Science Spotlight

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Recent accomplishments of CDFW's scientific community


Science Spotlight: Warner Mountains Black Bear Project

Redhaired woman wearing blue shortsleeved shirt, khaki pants, and blue latex gloves holding tweezers in one hand near barbed wire fence and small manila envelope in other
California’s black bear population is healthy and growing, with an estimated 35,000 animals, up from an estimated 10,000 to 15,000 in 1982. But how do wildlife biologists determine these figures – and why are they important?

Enumerating California’s Most Elusive Residents: Puma concolor

A gold-colored mountain lion snarls from its perch on a rocky hillside, under a clear blue sky
It’s just before dawn in the eastern Sierra Nevada Mountains in Mono County. It’s a cold clear morning, a good day to be out experiencing a still very much wild area of California. California Department of Fish and Wildlife (CDFW) biologist Justin Dellinger and a Wildlife Services houndsman are preparing gear to go out looking for fresh mountain lion tracks in this vast landscape.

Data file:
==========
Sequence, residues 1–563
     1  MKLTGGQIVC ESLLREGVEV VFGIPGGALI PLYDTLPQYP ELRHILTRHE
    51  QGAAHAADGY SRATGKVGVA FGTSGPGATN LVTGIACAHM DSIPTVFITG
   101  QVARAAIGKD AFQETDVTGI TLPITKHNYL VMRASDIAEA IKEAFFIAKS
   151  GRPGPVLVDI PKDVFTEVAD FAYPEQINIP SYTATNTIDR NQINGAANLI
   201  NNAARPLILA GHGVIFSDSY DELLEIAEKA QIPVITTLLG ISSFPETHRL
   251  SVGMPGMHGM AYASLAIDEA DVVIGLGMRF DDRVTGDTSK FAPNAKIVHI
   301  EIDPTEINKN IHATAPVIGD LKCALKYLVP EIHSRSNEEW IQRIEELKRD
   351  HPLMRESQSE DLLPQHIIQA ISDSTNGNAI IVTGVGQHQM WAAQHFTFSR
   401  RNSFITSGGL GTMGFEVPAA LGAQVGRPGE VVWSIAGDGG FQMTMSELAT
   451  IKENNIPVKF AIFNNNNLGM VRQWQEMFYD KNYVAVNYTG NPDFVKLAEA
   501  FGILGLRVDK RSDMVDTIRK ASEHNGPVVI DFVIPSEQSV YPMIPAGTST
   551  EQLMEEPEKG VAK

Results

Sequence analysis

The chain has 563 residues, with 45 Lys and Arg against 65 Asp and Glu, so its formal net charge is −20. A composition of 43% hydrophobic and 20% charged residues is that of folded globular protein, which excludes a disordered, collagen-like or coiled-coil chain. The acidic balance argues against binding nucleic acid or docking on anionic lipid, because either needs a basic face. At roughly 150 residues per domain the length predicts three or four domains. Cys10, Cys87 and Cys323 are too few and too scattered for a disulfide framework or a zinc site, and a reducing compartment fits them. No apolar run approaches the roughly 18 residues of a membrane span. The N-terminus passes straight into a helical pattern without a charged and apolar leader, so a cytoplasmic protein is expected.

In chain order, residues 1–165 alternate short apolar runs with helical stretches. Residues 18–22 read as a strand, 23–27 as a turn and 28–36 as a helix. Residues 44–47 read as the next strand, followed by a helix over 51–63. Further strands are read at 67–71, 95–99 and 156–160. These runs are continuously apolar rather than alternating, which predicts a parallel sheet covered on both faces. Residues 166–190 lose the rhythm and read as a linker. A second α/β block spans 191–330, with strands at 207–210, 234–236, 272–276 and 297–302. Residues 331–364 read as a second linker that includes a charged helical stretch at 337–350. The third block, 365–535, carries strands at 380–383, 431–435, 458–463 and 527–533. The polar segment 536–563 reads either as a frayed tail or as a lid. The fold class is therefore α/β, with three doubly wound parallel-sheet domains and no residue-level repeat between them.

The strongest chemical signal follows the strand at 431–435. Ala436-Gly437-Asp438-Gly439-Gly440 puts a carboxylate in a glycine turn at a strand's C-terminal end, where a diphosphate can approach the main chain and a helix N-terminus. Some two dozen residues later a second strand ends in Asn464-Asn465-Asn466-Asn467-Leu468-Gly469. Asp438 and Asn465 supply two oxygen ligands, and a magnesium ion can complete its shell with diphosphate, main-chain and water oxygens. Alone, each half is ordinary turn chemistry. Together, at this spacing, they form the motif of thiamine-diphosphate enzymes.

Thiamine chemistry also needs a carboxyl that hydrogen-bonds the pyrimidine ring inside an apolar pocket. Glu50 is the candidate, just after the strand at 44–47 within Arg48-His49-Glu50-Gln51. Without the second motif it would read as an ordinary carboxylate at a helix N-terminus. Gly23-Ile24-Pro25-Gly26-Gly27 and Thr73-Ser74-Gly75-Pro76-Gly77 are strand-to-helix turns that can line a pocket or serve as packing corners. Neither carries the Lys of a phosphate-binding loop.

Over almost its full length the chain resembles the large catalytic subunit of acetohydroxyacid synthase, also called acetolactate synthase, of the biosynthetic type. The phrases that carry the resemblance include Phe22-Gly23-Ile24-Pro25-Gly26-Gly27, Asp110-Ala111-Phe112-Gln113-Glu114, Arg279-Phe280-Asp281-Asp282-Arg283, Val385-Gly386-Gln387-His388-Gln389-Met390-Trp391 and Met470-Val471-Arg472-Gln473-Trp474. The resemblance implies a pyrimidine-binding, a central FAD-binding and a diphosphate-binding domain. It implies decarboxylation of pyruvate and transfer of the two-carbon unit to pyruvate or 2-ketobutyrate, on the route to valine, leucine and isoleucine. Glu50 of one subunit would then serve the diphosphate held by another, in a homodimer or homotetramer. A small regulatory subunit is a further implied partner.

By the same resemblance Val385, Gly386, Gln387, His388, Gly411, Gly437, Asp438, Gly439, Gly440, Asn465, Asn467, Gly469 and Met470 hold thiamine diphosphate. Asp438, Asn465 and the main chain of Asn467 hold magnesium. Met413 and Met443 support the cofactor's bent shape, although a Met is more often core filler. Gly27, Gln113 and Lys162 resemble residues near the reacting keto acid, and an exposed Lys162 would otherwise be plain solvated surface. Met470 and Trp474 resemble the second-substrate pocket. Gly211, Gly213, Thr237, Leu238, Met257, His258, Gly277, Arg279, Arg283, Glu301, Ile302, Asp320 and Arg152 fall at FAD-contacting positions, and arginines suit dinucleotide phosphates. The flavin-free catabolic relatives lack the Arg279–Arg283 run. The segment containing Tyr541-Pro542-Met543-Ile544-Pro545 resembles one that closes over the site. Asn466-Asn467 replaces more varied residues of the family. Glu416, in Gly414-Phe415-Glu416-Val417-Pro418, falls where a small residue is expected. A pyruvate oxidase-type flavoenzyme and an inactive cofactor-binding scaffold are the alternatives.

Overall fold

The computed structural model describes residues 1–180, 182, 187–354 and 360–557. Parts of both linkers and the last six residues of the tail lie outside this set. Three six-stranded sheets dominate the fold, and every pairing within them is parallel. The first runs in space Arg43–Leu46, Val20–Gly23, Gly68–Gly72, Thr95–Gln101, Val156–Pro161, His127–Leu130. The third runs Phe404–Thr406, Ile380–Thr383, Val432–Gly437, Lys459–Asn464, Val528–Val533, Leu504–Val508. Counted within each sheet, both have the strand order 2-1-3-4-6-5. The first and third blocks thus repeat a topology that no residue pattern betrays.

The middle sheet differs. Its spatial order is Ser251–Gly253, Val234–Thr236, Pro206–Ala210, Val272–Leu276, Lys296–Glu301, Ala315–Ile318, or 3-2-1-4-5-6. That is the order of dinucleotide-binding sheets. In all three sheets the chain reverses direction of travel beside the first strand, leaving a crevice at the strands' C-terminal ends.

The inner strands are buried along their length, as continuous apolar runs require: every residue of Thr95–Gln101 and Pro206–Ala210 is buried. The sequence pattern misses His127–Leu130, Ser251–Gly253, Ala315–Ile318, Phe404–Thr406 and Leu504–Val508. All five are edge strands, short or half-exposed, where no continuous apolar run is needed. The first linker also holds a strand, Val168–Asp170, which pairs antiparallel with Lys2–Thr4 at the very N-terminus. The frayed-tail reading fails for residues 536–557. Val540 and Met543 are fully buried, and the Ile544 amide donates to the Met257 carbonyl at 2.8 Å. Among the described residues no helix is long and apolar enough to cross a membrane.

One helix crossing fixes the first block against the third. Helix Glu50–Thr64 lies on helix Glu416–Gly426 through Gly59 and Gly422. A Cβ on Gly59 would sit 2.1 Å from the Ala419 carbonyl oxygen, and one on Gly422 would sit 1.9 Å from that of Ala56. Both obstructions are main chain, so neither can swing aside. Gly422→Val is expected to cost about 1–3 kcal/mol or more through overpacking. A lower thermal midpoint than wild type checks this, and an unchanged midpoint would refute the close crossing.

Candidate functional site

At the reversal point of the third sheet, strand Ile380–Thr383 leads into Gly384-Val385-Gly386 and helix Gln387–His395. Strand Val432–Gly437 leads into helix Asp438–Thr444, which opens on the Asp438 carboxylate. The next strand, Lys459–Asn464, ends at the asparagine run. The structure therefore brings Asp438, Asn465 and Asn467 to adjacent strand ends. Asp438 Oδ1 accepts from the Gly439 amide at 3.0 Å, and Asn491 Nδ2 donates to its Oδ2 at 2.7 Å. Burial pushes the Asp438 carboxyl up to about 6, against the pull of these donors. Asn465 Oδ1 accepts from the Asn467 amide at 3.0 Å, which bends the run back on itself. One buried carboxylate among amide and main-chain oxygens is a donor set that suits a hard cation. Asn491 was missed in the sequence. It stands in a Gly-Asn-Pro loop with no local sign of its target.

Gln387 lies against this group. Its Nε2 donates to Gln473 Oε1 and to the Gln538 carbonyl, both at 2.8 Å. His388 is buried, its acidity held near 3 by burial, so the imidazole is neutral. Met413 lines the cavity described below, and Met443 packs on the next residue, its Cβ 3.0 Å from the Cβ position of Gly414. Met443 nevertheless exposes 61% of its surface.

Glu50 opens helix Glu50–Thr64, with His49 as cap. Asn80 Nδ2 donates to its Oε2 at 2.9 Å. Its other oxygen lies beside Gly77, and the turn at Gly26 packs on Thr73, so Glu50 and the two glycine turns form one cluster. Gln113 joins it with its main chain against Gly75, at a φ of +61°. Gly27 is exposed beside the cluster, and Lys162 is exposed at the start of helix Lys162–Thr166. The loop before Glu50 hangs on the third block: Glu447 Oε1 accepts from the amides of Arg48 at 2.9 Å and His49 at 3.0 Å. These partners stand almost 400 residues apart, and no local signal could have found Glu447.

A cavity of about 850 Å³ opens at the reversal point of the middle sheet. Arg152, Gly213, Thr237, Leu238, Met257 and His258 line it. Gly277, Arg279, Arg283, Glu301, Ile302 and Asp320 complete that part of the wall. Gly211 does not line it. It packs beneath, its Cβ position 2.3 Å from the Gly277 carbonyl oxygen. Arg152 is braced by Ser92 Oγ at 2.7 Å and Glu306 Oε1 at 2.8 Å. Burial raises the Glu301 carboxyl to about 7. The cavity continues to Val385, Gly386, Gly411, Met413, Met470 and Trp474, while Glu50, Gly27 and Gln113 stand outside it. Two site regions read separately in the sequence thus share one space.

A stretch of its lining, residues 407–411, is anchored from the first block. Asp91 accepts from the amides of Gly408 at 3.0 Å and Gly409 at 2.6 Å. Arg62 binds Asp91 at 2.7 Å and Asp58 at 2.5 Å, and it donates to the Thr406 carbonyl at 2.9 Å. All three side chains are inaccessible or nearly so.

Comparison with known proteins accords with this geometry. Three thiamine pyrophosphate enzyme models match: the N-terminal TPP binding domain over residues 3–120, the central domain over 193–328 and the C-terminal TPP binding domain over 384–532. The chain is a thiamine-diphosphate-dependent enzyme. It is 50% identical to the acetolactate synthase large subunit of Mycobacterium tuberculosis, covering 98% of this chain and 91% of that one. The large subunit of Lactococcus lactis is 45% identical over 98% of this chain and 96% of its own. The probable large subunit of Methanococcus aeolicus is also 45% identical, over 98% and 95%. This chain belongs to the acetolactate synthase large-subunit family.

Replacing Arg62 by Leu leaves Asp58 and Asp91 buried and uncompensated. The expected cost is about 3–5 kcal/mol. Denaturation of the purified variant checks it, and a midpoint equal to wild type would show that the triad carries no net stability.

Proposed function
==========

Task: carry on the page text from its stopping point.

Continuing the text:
Sierra Nevada Bighorn: A 21st Century Wildlife Success Story

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Seven animals. Can just seven Sierra Nevada bighorn sheep really make much of an impact on the species’ future? CDFW scientists believe so, which is why they came away pleased with the results of their annual spring helicopter capture this past March.

CDFW Captures Tule Elk in Phase One of Multi-Year Study in Colusa and Lake Counties

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The California Department of Fish and Wildlife (CDFW) recently launched the first phase of a multi-year study of tule elk in Colusa and Lake counties. In partnership with the University of California, Davis and the Rocky Mountain Elk Foundation, and with the assistance of capture specialists from Leading Edge Aviation, researchers used helicopter net guns to capture and place satellite collars on 45 tule elk.